Way over on the other side of the romantic spectrum is Pregnant Butch, by A.K. Summers, which I have been reading on Act-I-Vate. It’s just what the title sounds like, the story of a butch woman’s pregnancy, and I assume from the intimate tone that it’s a memoir. It’s also wickedly funny, mixing up gender issues and cultural clichés with the reality of relationships and pregnancy. (For instance: Nobody offers her a seat on the subway because they all think she’s just a fat guy.) It’s a very smart comic, and I’m enjoying her asides about the “wise crones” and her portrayal of herself as Tintin in imaginary sequences as much as the story itself.
Last week I read Tank Girl: Carioca by Alan Martin and Mick McMahon. I’d say it’s a surprisingly thoughtful piece, as Martin ruminates on such heavy themes as the abuse of power and how unfulfilling revenge is. Well, I would say that, except it’s also the usual combination of daft gags and ultra-violence. What really sets this volume apart from previous works in the Tank Girl ouevre is the fact that it’s drawn by the living legend Mick McMahon. McMahon is an artist’s artist, it’s hard to find anyone in the business of illustration who won’t go into raptures waxing lyrical about the man’s work. Having him draw such a long form comic is, indeed, a rare treat. It’s a book that takes a lot longer to read than you’re expecting, just because his panels are seemingly magnetic to the eye.
I got ready for Halloween this week with the first three issues of Rafael Nieves and Dan Dougherty’s Bob Howard, Plumber of the Unknown. There are four issues so far and I need to get the most recent one, because it’s a remarkable series. The concept of a monster-fighting plumber is so immediately humorous that I thought I knew what to expect from Bob Howard, but I was surprised. The series is funny, but Nieves and Dougherty just as often go for other reactions too. Each issue contains multiple stories and they’re as likely to warm the heart or raise the goosebumps as tickle the funny bone.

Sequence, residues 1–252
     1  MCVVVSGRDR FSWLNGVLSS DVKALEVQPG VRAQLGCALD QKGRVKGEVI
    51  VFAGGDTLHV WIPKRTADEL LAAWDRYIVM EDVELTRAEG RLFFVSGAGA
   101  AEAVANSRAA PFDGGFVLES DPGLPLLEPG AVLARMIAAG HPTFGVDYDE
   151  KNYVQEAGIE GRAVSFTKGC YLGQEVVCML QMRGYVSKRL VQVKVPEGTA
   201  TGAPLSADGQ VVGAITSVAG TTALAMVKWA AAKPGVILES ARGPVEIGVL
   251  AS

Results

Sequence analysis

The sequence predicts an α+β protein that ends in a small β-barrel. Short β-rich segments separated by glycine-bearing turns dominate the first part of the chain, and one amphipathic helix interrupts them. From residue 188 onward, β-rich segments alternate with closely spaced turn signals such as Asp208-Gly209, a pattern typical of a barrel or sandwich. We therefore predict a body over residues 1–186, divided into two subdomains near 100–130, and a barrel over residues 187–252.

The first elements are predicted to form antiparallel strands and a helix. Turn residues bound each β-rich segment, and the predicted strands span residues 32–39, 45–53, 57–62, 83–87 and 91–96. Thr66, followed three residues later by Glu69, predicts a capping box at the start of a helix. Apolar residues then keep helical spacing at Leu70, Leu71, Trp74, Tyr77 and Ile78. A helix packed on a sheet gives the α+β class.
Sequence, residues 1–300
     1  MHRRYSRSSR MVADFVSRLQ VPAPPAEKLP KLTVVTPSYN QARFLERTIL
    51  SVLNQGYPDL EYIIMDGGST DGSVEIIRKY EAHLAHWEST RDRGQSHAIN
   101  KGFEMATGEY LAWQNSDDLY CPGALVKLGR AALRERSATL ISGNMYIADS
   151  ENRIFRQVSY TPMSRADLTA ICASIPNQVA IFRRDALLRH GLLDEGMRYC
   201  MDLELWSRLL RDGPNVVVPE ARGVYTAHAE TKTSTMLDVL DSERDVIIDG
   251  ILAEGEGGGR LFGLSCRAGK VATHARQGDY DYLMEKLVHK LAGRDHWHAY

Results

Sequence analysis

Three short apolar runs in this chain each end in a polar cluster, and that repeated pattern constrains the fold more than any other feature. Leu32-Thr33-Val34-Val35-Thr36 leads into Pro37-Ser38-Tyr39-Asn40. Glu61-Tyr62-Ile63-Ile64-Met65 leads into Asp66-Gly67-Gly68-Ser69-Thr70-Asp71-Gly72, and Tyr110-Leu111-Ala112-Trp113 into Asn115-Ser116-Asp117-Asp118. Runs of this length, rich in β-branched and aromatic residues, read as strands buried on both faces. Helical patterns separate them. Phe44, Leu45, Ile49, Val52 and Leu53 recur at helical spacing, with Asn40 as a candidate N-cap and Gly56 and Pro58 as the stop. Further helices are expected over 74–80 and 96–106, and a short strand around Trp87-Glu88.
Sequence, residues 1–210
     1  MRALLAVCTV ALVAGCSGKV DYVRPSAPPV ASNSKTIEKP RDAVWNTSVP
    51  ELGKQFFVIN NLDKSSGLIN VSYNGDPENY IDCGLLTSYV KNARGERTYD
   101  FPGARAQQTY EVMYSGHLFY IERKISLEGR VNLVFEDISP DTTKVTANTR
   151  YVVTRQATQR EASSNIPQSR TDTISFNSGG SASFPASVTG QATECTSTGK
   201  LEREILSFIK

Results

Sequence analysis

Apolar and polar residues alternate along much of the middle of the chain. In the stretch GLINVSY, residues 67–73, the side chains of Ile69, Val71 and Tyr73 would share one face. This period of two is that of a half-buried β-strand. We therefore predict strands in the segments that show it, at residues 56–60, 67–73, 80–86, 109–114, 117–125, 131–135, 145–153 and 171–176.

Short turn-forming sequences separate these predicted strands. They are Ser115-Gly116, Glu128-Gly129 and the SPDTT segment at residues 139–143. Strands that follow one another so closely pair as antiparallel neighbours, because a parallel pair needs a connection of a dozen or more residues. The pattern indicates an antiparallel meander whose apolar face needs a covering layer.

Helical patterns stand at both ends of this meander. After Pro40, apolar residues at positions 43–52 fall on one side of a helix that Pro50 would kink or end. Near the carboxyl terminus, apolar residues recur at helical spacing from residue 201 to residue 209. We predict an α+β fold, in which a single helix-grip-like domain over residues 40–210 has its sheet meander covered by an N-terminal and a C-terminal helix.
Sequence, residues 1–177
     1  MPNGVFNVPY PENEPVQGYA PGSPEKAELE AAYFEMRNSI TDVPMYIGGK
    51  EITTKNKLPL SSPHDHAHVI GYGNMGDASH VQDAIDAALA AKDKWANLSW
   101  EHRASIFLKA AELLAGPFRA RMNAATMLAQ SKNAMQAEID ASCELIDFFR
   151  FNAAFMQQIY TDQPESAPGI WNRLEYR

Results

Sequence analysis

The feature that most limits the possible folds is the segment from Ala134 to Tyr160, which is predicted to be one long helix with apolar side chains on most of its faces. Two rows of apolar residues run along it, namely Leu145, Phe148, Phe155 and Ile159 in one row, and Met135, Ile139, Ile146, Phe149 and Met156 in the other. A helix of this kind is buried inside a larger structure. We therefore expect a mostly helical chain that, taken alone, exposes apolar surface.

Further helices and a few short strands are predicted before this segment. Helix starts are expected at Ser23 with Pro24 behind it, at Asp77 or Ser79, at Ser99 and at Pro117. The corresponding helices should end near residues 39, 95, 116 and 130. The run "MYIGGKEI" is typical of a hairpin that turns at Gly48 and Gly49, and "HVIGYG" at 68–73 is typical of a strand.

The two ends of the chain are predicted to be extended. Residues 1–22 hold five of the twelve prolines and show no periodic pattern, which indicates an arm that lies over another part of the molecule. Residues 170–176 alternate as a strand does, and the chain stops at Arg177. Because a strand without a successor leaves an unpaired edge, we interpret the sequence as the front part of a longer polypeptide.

The main character is a surprisingly sweet man who rarely talks. He’s not always a plumber, but takes other odd jobs like babysitting and selling tickets at the local movie theater. Of course, they all lead to his having to tussle with some kind of monster, and he’s learned to keep handy his giant wrench Big Daddy, but he’s not a monster hunter. He plumbs the unknown reluctantly as this stuff just sort of comes to him. And though he never complains verbally about it, Dougherty reveals Bob’s weariness and disappointment through facial expressions and body language.
Using grayscales that give the comic a classic, black-and-white movie look, Dougherty is a wonderful artist who can skillfully communicate humor and pathos at the same time. He draws everything well.His human characters are as diverse to look at as any actual city street and he doesn’t skimp on background details. Into this believable world he just as skillfully inserts C’thulhu-like monsters, vampire babies, and ghostly sheets.
Of course, a lot of credit for Bob Howard‘s layers goes to Nieves. At first, the stories appear to be completely self-contained, but as they unfold they also start to connect. Each story has a satisfying conclusion, but there’s a bigger mythology that Nieves and Dougherty are creating. None of that matters though as much as how likable their main character and his friends are, and how effectively emotional the creature-encounters are. Those are the special strengths of the series and what will keep me going back for more.